Observations of Resident 212's nebulizer equipment on February 4, 2019, at 11:48 a.m. and 4:08 p.m. revealed that the nebulizer mask was lying face down in direct contact with the bedside stand and there was a plastic bag bedside it labeled February 3, 2019.
Interview with Registered Nurse 13 (the facility's infection control nurse) on February 4, 2019, at 2:59 p.m. revealed that after a nebulizer treatment was provided, the mask was to be washed, dried with a paper towel, and then placed into the bag. She confirmed that Resident 212's mask should not have been lying on the bedside stand.
42 CFR 483.80(a)(1)(2)(4)(e)(f) Infection Prevention and Control.
Previously cited 3/23/18.
28 Pa. Code 211.12(d)(1) Nursing services.
Previously cited 12/6/18, 8/13/18, 3/23/18.
28 Pa. Code 211.12(d)(5) Nursing services.
Previously cited 12/6/18, 8/13/18, 7/10/18, 3/23/18.
| ||Plan of Correction - To be completed: 03/22/2019|
The following is submitted for plan of correction purposes only and should not be construed as an admission.
Resident 13 continues to reside at the facility. She receives extensive assistance for hygiene activities in a manner that promotes and maintains infection prevention and control practices.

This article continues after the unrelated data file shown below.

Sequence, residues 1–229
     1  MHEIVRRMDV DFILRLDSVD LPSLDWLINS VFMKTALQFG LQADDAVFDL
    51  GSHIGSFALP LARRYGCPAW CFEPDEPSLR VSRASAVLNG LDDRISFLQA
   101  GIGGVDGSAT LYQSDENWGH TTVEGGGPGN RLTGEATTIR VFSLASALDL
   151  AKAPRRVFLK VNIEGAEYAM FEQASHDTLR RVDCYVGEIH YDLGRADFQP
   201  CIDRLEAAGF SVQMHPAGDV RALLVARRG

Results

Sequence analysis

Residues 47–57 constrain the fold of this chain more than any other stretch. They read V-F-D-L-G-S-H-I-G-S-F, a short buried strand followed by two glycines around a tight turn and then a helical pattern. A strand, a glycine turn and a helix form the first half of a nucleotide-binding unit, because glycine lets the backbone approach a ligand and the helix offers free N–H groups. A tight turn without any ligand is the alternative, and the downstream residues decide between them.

Licensed Practical Nurse 9 has been re-educated on facility hand hygiene policy, policy regarding incontinence care, and has successfully completed hand hygiene competency.
The nursing staff will be educated on the facility hand hygiene policy, facility policy regarding incontinence care, and federal regulation 880. Nursing staff will complete hand hygiene competencies with the Infection Control Coordinator/designee.
The Infection Control Coordinator/designee will audit staff members providing assistance to residents requiring assistance with incontinence care to ensure infection prevention and hand hygiene practices are maintained throughout the incontinence care. These audits will be completed on 5 residents daily for one week, weekly for two weeks, monthly for two months, and randomly thereafter. Results of these audits will be reviewed in the facility Quality Assurance meeting for further recommendations for continued compliance.